Why The GAAP Principle Will Destroy Your Business
The GAAP is wrong.
Before you hit the "comments" section, let me clarify. I do believe following the GAAP (Generally Accepted Accounting Principles) is important so that when the time comes, you are prepared to submit financial statements for investors, mergers or the IRS. However, using the GAAP as your primary accounting method is the wrong way to grow a hugely profitable business.
Just because something appears to be true and "everyone" goes along with it, doesn't mean it makes sense—and it doesn't make it true.
Take a look at your latest income statement. At the top you have revenue, then costs of good sold, then other expenses such as sales support, general expenses and administrative costs. If you are like most entrepreneurs, you take your salary from the net income. And if you still have a few pennies left over afterward (which rarely happens), that is your profit—way down there at the bottom of the page.
Yet if you consult any financial expert, you'll hear that the secret to financial success is to pay yourself first. This is sound advice because most of us expand our expenditures to fit our disposable income. We spend more when business is good. No matter how much we earn, we seem to find a good reason to spend every single dime.
The GAAP actually directs us to spend first, then pay ourselves, and call the leftovers profit. How are you going to grow a successful business and accumulate wealth using that method? Generate more revenue, you say? Well, sure. Except that you're going to spend it. So you're right back where you started—working with the leftovers, if you have any.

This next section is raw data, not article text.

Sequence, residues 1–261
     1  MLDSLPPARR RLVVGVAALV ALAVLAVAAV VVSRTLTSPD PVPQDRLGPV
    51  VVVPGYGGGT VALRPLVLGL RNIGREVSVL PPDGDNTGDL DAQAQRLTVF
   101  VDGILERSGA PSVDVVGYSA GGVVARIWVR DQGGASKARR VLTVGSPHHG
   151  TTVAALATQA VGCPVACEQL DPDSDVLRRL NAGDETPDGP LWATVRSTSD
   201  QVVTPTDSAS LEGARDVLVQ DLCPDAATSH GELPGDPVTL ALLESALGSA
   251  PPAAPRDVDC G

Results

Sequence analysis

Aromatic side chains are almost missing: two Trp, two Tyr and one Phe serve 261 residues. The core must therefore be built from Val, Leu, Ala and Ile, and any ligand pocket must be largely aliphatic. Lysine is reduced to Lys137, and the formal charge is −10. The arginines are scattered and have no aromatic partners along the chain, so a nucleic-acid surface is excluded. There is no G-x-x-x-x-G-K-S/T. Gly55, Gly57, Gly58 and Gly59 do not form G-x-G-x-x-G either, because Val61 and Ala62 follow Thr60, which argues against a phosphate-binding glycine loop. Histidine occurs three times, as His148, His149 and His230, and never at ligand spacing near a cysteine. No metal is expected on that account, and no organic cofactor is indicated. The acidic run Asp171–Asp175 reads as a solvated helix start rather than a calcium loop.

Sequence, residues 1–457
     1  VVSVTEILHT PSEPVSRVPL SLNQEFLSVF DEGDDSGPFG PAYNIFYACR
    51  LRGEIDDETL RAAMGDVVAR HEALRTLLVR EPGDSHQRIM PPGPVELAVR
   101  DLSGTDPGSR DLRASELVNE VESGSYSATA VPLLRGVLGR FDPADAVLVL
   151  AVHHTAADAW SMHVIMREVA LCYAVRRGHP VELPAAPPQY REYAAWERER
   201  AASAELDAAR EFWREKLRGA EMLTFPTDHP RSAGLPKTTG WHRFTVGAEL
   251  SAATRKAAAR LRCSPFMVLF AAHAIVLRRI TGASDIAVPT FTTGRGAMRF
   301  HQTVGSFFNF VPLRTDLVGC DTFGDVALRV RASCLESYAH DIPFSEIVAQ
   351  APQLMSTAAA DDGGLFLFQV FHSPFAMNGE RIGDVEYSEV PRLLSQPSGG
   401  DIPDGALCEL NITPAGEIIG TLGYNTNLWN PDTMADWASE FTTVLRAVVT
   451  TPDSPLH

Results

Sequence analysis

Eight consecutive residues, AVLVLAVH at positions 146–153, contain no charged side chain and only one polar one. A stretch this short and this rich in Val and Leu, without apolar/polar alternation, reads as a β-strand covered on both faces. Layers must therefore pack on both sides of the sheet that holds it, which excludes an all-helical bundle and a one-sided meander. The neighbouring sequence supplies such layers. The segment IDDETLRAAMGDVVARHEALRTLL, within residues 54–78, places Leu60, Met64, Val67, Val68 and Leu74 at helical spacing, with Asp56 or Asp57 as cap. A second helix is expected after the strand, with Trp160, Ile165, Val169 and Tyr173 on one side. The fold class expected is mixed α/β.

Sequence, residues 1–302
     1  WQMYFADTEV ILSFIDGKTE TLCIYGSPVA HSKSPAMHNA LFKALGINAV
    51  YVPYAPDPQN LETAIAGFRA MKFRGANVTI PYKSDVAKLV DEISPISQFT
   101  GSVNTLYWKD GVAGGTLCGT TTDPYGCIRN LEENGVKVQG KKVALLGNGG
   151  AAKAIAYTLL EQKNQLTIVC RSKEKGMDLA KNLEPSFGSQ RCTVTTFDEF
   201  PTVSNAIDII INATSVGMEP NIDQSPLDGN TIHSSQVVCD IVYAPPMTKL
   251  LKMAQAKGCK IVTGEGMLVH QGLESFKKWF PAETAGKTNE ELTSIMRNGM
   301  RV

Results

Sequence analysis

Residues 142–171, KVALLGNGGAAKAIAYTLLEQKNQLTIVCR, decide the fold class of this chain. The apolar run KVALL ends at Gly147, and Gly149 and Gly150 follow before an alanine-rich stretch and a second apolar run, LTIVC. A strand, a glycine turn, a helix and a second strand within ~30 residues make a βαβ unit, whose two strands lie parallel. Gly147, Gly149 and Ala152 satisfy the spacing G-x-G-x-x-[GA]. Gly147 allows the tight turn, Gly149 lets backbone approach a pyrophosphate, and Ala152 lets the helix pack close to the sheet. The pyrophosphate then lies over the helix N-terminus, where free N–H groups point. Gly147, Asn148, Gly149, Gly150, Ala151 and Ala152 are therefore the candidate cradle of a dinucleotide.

I propose a new type of accounting: Profit First Accounting (PFA). The difference between GAAP and PFA is simple: Deduct profit first, from the top down. On a PFA income statement, the first line item is revenue, followed by a profit deduction, then your salary, followed by cost of goods and all other expenses.
Now, before you say, "But the end number is still the same," hear me out. When you change to using the PFA model, and your new profit-and-loss statement shows that you are losing money, you will focus on how to get back to black. But this time, the bottom line isn't your salary or your company's profit—it's the expenses.
There are many benefits to PFA, such as the ability to track growth in a consistent, proven pattern, which will appeal to investors and potential buyers should you decide to sell. But the best part is you will be in control of your costs from the get-go. Since your revenue will first go toward profit and then your salary, there will be less to spend on expenses. Many small-business owners determine how much they can spend based on the cash they have in the bank. The PFA method automatically forces frugality, since your profit is deducted every time cash comes in the doors.
So how do you know how much profit to deduct? Review the income statements of financially healthy public companies in your industry to find out how much they throw to the bottom line. Is it 5%, 10% or even 15%? Whatever it is, set that percentage as your "profit first." Then every time you make a deposit, take that percentage and put it into your interest-bearing PFA account.
I've been following this PFA method in my own business for years, and I have helped my clients implement this method in their businesses. The results have consistently been more profit and tighter control over expenses. The PFA is a simple adjustment that forces you to follow what you suspected all along: Pay yourself first. Galileo would be so proud.